Fourie (2011, 35) argues that new ways of conceptualizing journalism and the role ofjournalism should be explored from indigenous epistemologies, and as such moving away from Western and Eurocentric biases implied in normative theories of the press. We take head of such calls and posit that PJ be enhanced by, and with, consideration of the African moral philosophy and relational ethic of ubuntu. Indeed, in the quest for alternative models to underpin a new ethos for reporting, the quintessential African moral philosophy of ubuntu has been cited in relation to the development of a new ethos for journalism as well as the media more generally (Chasi 2015, 2016; Christians 2004, 2015; Fourie 2011; Mboti 2015; Metz 2015; Rodny-Gumede 2015a; Tomaselli 2009, 2016; Wasserman 2010).

Hence, we seek insights into a journalism, that not only provides news audiences with better insight in to Africa, African communities and African people, but that also provides a model and reporting ethic for journalism that affords accuracy and dignity to the issues and people reported on. Further, and consistent with the ethos of ubuntu, we intend that this journalism should speak to the possibility of harmonious cooperative existence that enable individuals to become the most that they can be. This journalism, we contend, should be internationally legitimate in the ways in which it seeks out and distributes information fairly and accurately so that individuals in their communities can act to achieve peaceful and productive lives. As such we take systematic cognizance of how ubuntu as a relational ethic uniquely underpinning African philosophical accounts of human and social relations can contribute to a re-appraisal and re-imagine of PJ. While we do not portend to set out a new framework for journalism, we nevertheless hope to set out some of the more salient aspect of what the underlying ethos of each, contribute to the other. In doing so, it is our wish that scholars, as well as, practitioners can further develop these ideas and eventually turn theory in to practice.

Reporting on ‘Africa’

Critique has been levelled against reporting on ‘Africa’ and against foreign coverage and coverage of war and violence in particular. Galtung (1986) proposes that much coverage of war and violence conforms to what he labels ‘war journalism’, a form ofjournalism that has a value bias towards violence and violent groups that leads audiences to overvalue violent responses to conflict and ignore non-violent alternatives. Importantly, reporting that conforms to ‘war journalism’ tends to assume that the needs of one side can only be met by the other side’s compromise or defeat, polarizing viewpoints rather than valuing similarities, cooperation, agreements reached, and progress on common issues and interests (ibid.).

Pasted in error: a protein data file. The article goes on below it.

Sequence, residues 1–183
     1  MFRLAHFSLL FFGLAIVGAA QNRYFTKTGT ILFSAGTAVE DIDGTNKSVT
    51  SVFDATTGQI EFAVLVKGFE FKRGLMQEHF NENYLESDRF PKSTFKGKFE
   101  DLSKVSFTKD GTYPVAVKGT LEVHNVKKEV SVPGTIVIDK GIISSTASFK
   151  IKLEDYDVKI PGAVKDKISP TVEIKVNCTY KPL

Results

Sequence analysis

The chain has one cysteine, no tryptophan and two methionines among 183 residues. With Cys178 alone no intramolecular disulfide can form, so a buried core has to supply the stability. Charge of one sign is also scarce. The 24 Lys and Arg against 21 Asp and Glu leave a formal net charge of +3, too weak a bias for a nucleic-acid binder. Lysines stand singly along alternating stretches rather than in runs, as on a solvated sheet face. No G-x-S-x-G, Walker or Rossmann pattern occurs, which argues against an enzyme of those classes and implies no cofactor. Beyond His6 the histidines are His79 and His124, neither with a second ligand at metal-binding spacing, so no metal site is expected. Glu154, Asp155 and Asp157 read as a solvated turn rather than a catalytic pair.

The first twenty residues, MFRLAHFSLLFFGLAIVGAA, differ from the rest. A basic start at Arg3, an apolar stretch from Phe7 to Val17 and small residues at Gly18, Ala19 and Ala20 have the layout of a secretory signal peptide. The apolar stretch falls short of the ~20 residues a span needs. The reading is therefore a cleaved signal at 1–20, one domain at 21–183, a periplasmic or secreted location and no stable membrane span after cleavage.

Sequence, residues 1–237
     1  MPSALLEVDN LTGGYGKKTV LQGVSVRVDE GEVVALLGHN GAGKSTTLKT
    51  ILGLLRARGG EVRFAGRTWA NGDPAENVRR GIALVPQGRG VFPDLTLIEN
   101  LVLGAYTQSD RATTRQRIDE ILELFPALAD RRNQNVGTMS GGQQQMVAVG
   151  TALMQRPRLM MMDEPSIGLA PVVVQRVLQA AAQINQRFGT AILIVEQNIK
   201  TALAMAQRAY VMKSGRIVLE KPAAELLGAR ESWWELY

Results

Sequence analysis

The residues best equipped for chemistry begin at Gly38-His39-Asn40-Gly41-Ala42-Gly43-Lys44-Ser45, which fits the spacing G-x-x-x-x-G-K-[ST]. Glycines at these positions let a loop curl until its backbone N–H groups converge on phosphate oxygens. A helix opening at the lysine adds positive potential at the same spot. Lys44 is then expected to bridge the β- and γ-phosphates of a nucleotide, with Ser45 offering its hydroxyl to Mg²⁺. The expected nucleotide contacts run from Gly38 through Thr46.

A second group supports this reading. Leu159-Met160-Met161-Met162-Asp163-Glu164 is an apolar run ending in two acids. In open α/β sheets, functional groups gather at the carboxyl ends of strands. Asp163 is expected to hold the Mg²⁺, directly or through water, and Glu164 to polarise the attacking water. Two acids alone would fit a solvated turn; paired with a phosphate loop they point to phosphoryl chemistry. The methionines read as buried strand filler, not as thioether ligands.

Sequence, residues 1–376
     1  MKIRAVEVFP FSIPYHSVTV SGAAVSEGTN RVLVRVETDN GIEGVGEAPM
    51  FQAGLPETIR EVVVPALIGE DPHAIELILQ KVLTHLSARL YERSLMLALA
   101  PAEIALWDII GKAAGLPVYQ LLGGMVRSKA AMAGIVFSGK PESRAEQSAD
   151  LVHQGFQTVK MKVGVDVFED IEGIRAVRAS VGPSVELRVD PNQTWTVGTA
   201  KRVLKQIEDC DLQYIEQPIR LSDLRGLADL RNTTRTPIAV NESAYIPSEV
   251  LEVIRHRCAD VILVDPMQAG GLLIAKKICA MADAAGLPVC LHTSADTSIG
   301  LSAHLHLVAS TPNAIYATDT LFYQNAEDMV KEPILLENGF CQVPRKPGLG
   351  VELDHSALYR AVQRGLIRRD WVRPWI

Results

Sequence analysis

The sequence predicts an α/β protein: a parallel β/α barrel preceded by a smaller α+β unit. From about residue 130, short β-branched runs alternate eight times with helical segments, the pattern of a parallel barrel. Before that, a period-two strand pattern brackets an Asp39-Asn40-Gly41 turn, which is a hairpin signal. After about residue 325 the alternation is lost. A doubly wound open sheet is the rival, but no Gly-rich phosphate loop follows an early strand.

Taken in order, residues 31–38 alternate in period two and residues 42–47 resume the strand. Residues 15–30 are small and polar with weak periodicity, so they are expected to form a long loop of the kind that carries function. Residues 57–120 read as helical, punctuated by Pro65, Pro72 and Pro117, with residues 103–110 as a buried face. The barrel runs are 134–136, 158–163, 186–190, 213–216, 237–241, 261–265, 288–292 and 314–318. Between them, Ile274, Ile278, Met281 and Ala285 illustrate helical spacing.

A study by Rodny-Gumede (2016) however shows that there is a degree of awareness of the critique levelled against coverage of the African continent among selected foreign correspondents, and importantly that such critique is ‘fair’ and that much could be done to improve reporting. The study also shows that there is an awareness towards alternative narratives and news frames, practices and models for journalism, including practices and an ethos associated with PJ as an alternative form of reporting, with many of the tenets of PJ being already engrained in journalistic practices and codes of ethics (Rodny-Gumede 2016, 91). The same study also shows that foreign correspondents working on the African continent, rather than emphasizing war and conflict as ‘bad news’ tend to sell newspapers (Carruthers 2011, 5), instead emphasize that there is often little ground for reporting peace or absence of war (Rodny-Gumede 2016, 90). However, the journalists interviewed also state that more could be done to broaden the scope of stories and to make sure that a multitude of voices and sources are included in coverage, in order to avoid an overt polarization of the views of main stakeholders (Rodny-Gumede 2016, 90).

In addition, research shows that with regard to ubuntu as a framework for a new journalistic framework and reporting ethic, many South African journalists, while finding the idea of ubuntu journalism compelling with a particular emphasis on the idea that journalism must never become too removed from the communities it serves and the issues that concern the audience, seem wary of not being dictated to in terms of how to report and there is a fear of government interference and that ubuntu is touted as a way to try to enforce a particular form ofjournalism dictated by the current ANC-led government (Rodny-Gumede 2015a). Further to this Rodny-Gumede’s (2015a) research shows that with a limited understanding of what ubuntu journalism might entail, the journalists interviewed found it difficult to link it to particular journalistic practices.

Thus, what seems apparent in the discussions around alternative frameworks for journalism is a lack of a clear articulation of, and guidance, in terms of practical applications and practices. What follows is a discussion of PJ as well as ubuntu journalism as currently articulated in scholarly literature. We then proceed to re-evaluate PJ in light of ubuntu and ideas of ubuntu journalism and set out some of the more salient aspects of what each framework can contribute to the other.

Peace journalism